After 40 years on this little farm, I am still not sure where I live.
I now have three addresses: one for Canada Post, one for the township and one for Google Maps. None of these organizations will recognize the others’ description of Lot 30 Concession 9 in old Nottawasaga Township.
Lord knows I have tried. Canada Post has been the most co-operative although it changes its mind every so often and adds a new wrinkle. It has always agreed that I live near Nottawa and every so often it offers a helpful hint to pinpoint exactly where. First it suggested I start using the new fire code number. Then it turned out there were two identical four-digit fire code numbers on the same road in the same township. So they suggested I add the word North.
I say ‘they’ when I really should be saying ‘she.’ Louise is our vigilant postmistress in the Nottawa general store. When she gets a peculiar parcel addressed to “Wingfield Farm” she furrows her brow and says, “That must be Danny,” and hands it to Rob who delivers the mail to a box out at the corner of the Jardine Sideroad. Of course, it is not Jardine anymore. The township changed all the names several years ago from West Church, Jardine and Min Baker to 33&35, 30&31, and 27&28. We all know the numbers of our own roads but nobody can remember anyone else’s. So we still go by the West Church, Jardine and Min Baker in conversation and when giving directions. I imagine visitors must leave our community totally mystified by people who can direct you without reference to a single road sign.
The township was dissolved 25 years ago to form Clearview Twp., supposedly to reduce costs. Clearview now embraces two of the old townships and the two towns of Creemore and Stayner. Again, no visitors will ever discover Clearview because it remains an idea in the mind of God. It is a post office box and a depository for dog taxes but apart from the colossal municipal building in Stayner and a couple of fire stations, it has no physical shape or form.
Google Maps says I live in Duntroon, which is five miles south of Nottawa and it hasn’t had a post office for 15 years. Billy Campbell, my long-deceased next door neighbour, had an ancient feud with the postmaster in Nottawa and changed his address to Duntroon a half-century ago. When I moved in, the mail driver said I could choose one or the other because both drivers had to come out here anyway. I opted for Nottawa but somehow ancient information dribbled down to Google and they placed me in Duntroon. There is no helpful person like Louise that works for Google Maps and no request I have made to them has ever been answered. But they do place the marker on the correct place. If you type in my Canada Post address, it refers you to a location in Craigleith eight miles away or down by Creemore. So the trick is to use Duntroon instead of Nottawa, except nobody thinks to ask for me in Duntroon because I have lived famously in Nottawa for 40 years. I helped make the village T-shirt that says Not-Ottawa and for many years I served as a member of the Village Idiots, a select group of patrons for the Nottawa Village Restaurant, or Rhonda’s diner, as we used to call it . . . or McKenzie’s if you were an older resident and remembered Harry McKenzie flipping bacon and eggs behind the counter.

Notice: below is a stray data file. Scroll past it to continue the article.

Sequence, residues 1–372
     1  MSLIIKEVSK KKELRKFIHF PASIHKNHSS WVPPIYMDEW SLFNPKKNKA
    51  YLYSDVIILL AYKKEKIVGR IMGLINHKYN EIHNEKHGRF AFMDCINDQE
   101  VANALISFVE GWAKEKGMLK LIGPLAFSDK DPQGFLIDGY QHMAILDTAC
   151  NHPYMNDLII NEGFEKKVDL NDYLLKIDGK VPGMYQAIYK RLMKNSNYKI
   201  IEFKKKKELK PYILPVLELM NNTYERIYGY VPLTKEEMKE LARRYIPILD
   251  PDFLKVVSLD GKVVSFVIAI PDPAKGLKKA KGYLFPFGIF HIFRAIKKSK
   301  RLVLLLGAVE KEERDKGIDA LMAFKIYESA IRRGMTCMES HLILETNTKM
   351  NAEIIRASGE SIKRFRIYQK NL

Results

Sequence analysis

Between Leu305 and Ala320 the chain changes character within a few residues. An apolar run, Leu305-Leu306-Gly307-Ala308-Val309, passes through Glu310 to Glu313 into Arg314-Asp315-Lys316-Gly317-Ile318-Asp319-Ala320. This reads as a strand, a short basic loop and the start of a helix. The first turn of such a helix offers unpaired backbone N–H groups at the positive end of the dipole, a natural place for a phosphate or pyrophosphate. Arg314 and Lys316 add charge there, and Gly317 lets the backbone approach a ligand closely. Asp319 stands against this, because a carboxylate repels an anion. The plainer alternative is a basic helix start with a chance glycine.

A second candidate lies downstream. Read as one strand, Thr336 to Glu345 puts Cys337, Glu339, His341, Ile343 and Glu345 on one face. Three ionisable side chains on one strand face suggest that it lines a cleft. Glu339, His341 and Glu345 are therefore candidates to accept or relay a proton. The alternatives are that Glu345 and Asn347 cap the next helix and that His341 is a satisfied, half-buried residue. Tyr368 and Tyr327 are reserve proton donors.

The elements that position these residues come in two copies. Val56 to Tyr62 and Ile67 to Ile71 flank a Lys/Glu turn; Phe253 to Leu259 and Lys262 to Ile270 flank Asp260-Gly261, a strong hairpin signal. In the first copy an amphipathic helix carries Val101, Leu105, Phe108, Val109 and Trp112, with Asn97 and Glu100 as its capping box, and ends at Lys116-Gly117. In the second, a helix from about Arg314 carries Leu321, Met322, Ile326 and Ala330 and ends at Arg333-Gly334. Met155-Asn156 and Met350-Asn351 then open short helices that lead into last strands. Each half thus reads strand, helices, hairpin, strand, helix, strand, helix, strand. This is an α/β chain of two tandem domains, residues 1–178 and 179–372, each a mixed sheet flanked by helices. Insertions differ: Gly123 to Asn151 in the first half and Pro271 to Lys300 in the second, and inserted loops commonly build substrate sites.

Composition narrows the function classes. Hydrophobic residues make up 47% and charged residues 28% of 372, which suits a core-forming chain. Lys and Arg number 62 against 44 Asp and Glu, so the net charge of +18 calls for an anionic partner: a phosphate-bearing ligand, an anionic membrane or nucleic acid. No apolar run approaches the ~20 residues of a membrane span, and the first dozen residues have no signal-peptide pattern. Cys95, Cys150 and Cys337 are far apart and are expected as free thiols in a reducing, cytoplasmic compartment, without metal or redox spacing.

I always chalked it all up to living in an odd neighbourhood but as I travel around I find that a lot of people in rural Ontario share my problem. Every road now goes by a name and often two numbers. As a writer I would say that these roads are over-described. The cheery voice of Siri always makes me feel hopelessly lost because I remember roads that had names like Hogback and Magnetic Hill instead of just numbers. When I fell out of the haymow one winter evening a few years ago, my wife took no chances getting the ambulance here. She talked them in just like George Kennedy coaxed down Karen Black at the controls of a 747 in the movie Airport 1975.
Ask any of the courier drivers and they just look at the sky and shake their heads. One of them confided that Canada Post was his first best guess, and sometimes Google Maps added an extra hint. But the most reliable locator was his trusty cell-phone and a direct conversation with the homeowner.
Dan Needles is a writer and the author of the Wingfield Farm stage plays. He lives on a small farm near Collingwood, Ont. His website is www.danneedles.ca.